I'm writing you this while crying slightly. I hope that doesn't make me sound like a total pussy, for I'm happy about reading your book, but I'm crying because the memoir just reinforced for me what the life I want looks like. Right now, it doesn't look like the life I have. But my life changes for the better everyday, and your book was one of the things that makes me actively try new things and occasionally lovely risks.

I've written you before. I'm the bookstore worker who has the same birthday as you, even though I'm a year older than you are. You wrote me about that when I signed on to the Memoirist Collective.

I'm tempted to give you my list of labels, the things that shut me down and keep me from hoping about love. But I imagine you hear that sort of thing a lot - particularly after writing a memoir like yours. Much as I'd like to think my walls are unique and want to own my pain, everyone has something they can fix.

In the improv class that I'm currently taking, they've been teaching us that skits have more places to go when you say yes to the offers you've been given. This lesson I'm still learning, as it contradicts my usual sarcasm and bitter, supposedly clever retorts. Your book reinforced that lesson nicely.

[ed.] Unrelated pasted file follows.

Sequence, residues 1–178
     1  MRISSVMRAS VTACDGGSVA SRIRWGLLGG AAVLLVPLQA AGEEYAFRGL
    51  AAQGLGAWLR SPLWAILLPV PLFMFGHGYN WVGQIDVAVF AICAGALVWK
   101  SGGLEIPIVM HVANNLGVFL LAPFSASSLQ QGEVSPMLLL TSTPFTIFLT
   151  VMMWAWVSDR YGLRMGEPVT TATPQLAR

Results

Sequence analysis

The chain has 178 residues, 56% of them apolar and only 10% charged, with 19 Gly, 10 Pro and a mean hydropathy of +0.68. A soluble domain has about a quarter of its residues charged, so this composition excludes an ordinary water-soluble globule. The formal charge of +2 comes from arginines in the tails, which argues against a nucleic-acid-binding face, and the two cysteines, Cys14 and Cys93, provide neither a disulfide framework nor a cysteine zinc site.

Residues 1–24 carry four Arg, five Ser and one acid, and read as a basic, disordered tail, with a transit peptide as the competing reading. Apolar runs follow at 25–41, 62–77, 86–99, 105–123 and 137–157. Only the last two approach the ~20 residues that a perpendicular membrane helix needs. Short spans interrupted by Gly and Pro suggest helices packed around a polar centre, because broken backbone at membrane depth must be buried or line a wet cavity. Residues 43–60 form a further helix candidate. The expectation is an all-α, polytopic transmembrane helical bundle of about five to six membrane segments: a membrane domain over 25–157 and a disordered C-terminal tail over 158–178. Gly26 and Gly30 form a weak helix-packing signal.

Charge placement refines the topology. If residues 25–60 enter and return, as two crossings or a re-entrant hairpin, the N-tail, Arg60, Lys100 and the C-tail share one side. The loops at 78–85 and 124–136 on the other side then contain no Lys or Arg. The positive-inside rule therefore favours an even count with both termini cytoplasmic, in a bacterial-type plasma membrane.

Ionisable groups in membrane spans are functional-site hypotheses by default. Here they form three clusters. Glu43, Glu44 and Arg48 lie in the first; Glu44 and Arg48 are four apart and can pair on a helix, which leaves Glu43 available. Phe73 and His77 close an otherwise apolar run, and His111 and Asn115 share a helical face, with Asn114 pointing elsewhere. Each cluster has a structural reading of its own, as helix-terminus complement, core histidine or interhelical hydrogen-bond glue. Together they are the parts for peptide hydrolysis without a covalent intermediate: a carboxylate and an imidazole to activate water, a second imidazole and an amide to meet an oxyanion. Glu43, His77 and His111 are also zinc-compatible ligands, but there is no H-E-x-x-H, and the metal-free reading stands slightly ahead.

I want to improve my skits. And I want to improve my life. And I want real romance with a nice guy who loves me the way I love him. I want the love I deserve. I enjoy thinking of myself as someone who deserves love and is worthy of it.

Your book is great, funny, nice, romantic and resonant. It took me a while to read it because there was much in it that I wanted to absorb into my personality. I liked the attitude. I liked how brazen many of the situations became.